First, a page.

The surging popularity of electric scooters in major metropolitan areas has led to an increase in commuter mobility as well as an increase in user injuries. The scooters, often called e-scooters, offer individuals a quick, efficient way to travel short distances. It is an option for what many city officials refer to as the “last mile challenge” – that final piece of a commuter’s puzzle as he or she moves between public transit, work and home. Unfortunately, the convenience comes at a cost.
A study by the University of California San Francisco (UCSF) examined data provided by the National Electronic Injury Surveillance System. They focused on e-scooter injuries occurring in the United States between 2014 and 2018. Nearly 40,000 injuries were recorded with the majority being fractures, contusions, abrasions and lacerations. Injuries climbed by 222% during this time period and nearly a third of the patients suffered head trauma – more than twice the rate that bicycle riders suffer head injuries.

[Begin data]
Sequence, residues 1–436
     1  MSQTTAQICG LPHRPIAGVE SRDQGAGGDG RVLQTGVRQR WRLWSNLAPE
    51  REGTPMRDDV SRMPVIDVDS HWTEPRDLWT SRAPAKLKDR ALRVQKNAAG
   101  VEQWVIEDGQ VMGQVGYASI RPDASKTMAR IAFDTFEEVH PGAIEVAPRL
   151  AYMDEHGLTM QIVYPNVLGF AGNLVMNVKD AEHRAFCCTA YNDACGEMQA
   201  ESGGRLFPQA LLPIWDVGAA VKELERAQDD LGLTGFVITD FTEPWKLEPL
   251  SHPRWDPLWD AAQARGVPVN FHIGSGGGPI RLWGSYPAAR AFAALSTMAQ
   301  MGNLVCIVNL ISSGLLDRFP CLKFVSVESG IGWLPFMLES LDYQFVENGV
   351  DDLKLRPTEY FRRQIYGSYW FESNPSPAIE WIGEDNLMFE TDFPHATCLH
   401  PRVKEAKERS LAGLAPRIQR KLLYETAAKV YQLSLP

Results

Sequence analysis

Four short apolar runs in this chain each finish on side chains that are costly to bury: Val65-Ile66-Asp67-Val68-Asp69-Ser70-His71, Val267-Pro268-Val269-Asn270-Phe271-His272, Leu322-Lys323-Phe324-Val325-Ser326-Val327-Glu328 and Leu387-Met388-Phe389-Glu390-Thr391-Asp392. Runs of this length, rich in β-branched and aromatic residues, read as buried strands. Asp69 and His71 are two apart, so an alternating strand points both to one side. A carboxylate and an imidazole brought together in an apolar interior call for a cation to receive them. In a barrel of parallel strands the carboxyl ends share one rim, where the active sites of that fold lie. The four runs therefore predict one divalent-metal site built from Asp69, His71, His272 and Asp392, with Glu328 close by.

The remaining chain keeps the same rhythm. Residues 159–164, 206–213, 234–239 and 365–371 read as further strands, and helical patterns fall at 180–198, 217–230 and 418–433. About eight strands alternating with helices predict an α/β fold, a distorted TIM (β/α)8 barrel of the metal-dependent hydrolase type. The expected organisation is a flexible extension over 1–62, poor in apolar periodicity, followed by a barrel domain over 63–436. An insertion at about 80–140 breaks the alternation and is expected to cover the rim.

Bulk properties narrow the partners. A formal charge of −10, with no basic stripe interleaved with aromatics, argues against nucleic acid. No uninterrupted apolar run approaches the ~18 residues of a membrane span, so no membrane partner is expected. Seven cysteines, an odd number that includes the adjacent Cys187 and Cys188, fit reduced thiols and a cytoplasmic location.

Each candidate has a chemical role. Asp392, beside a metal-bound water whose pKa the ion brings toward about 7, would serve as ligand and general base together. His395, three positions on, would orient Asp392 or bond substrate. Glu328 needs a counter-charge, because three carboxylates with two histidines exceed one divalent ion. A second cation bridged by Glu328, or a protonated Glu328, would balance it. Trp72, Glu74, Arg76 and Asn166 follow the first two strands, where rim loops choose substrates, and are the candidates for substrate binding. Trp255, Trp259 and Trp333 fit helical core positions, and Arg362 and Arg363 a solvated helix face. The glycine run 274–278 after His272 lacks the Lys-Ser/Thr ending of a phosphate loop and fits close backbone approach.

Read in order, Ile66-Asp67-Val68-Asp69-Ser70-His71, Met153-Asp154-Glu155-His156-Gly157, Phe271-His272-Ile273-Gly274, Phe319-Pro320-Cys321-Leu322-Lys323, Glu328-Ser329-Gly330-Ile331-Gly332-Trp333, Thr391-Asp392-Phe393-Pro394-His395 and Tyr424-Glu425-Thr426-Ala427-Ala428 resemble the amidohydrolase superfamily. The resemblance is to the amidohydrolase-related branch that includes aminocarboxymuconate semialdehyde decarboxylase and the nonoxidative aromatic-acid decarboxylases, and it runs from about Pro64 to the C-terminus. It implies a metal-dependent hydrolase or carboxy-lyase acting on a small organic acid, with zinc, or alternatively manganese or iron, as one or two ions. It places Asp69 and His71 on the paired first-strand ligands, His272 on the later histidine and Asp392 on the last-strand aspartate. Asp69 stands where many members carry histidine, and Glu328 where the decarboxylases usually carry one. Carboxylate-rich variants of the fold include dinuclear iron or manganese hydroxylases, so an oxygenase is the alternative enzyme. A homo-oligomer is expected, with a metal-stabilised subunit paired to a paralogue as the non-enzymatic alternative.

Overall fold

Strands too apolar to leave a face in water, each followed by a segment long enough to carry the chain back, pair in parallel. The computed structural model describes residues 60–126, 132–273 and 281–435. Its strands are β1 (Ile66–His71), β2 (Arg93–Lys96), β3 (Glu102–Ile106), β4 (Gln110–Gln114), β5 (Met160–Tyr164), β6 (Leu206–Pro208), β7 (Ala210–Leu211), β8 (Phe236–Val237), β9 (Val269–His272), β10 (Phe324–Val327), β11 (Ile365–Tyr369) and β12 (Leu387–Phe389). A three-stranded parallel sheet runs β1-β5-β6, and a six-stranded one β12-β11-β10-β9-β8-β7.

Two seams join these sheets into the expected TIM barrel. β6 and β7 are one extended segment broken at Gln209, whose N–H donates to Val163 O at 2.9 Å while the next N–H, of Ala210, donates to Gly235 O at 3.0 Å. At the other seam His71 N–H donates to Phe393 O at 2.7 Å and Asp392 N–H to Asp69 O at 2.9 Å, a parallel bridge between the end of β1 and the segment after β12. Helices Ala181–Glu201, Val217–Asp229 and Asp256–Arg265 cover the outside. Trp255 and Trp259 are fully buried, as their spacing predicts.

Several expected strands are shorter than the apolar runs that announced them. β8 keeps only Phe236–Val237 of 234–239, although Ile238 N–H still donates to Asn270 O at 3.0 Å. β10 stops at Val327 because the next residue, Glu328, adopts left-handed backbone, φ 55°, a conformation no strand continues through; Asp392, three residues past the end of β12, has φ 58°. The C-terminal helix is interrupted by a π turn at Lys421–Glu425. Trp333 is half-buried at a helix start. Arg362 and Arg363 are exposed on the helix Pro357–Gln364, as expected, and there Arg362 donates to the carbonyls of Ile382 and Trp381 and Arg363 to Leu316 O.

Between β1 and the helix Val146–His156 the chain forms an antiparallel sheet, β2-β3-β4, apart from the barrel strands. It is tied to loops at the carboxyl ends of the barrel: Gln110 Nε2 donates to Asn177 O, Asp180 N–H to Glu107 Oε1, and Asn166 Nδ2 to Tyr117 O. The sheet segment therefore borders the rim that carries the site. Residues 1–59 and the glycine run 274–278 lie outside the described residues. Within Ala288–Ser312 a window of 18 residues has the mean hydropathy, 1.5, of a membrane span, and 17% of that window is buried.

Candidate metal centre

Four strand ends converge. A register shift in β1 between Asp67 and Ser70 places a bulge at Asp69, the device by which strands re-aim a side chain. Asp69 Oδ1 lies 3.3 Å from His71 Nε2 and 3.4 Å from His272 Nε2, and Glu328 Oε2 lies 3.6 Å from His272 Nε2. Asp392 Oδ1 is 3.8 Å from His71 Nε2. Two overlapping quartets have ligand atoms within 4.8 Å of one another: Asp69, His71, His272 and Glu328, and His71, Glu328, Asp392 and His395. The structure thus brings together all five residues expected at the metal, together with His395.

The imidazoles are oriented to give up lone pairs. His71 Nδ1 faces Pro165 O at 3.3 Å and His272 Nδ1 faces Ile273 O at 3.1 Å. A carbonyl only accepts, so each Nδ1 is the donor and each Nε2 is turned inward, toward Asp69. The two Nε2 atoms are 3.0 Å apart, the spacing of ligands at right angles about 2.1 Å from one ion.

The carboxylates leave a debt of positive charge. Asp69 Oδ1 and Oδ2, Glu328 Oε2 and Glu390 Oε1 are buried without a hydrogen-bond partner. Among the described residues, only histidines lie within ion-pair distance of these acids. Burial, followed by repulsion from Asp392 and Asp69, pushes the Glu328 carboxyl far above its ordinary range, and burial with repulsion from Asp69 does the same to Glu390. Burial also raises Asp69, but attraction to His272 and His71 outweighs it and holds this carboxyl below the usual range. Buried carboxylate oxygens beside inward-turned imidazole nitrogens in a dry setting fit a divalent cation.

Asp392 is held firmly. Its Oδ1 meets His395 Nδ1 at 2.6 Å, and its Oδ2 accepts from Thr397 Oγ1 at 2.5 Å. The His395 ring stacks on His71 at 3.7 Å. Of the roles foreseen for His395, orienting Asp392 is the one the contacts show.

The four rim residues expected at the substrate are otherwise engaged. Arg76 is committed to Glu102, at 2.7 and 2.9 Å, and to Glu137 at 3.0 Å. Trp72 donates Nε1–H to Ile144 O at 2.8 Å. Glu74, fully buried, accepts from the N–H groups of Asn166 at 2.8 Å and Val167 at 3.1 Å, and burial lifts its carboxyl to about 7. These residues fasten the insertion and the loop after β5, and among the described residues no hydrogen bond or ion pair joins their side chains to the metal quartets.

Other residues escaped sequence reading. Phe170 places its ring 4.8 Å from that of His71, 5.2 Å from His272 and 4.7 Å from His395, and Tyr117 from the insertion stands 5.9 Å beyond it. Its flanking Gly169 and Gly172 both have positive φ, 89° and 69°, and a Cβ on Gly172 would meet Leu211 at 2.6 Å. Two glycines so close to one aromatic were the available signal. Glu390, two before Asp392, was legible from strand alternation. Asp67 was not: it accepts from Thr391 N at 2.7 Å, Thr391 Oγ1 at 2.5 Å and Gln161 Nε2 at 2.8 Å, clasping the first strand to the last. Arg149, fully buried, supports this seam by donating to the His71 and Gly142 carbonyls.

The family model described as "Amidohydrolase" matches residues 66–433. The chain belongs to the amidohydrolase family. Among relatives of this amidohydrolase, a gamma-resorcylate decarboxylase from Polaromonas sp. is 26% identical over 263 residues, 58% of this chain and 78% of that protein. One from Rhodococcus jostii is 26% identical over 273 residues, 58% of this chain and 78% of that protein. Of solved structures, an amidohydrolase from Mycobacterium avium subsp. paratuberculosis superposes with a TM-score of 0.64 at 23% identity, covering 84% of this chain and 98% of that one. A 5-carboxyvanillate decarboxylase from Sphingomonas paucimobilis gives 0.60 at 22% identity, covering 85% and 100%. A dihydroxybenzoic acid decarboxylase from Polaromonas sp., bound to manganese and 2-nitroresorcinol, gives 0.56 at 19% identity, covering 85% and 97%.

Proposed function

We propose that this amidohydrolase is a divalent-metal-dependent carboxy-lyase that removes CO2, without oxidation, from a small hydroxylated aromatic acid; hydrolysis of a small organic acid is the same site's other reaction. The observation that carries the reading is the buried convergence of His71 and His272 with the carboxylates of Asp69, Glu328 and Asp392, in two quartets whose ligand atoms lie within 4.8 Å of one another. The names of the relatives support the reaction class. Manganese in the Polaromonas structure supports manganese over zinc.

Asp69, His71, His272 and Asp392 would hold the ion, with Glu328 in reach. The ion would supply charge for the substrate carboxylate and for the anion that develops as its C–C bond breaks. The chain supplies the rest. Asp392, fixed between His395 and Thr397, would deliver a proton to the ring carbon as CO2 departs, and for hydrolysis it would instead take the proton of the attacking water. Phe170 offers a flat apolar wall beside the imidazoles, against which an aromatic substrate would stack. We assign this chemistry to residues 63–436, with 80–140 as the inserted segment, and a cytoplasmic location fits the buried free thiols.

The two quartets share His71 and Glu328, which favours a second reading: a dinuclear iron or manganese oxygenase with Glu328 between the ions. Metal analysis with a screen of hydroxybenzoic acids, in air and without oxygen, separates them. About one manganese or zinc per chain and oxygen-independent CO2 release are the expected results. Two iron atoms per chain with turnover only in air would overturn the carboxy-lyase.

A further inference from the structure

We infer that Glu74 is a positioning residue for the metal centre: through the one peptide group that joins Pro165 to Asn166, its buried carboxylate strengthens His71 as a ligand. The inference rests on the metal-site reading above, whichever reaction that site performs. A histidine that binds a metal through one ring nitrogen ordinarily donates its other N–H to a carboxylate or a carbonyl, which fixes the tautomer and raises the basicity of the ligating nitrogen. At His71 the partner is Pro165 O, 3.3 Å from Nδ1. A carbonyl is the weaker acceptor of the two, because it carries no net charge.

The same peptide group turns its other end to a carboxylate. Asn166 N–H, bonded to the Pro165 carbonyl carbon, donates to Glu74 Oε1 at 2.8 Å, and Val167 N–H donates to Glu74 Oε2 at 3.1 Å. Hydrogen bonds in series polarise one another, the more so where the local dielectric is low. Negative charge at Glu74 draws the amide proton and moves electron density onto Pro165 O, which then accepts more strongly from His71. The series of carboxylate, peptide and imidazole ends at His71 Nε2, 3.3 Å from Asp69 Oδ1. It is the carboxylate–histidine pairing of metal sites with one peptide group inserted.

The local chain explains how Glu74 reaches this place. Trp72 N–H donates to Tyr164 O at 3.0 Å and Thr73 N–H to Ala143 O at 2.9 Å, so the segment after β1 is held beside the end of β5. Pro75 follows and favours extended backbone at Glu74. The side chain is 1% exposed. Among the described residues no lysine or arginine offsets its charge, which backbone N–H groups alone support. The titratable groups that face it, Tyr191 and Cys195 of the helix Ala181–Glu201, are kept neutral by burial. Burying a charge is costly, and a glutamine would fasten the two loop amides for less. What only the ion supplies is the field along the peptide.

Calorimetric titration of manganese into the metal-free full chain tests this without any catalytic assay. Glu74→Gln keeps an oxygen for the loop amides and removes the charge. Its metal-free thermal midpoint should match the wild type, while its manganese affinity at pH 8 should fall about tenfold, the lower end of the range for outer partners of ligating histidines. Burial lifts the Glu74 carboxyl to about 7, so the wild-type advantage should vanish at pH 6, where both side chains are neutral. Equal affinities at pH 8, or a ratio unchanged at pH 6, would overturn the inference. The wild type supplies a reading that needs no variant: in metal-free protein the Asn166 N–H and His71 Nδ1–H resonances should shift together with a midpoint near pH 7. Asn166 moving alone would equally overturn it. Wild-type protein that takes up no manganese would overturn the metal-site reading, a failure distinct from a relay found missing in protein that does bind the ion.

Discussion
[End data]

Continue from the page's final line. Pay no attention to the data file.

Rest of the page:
Is technology the answer?
This surge in accidents has caused numerous companies to take additional steps to protect their customers. One such company, Link, has recently been approved to operate in San Jose. Link has spent time developing artificial intelligence designed to ensure their riders follow the rules. Each scooter is equipped with five onboard computers that will constantly scan, repair and flag mechanical components for maintenance. Additionally, the AI technology can sense certain rider behaviors such as going too fast or riding off a curb.
If you were in an accident involving an electric scooter, or e-scooter, it is wise to discuss your case with a legal professional. Lost wages, property damage and mounting medical bills can quickly devastate your financial security.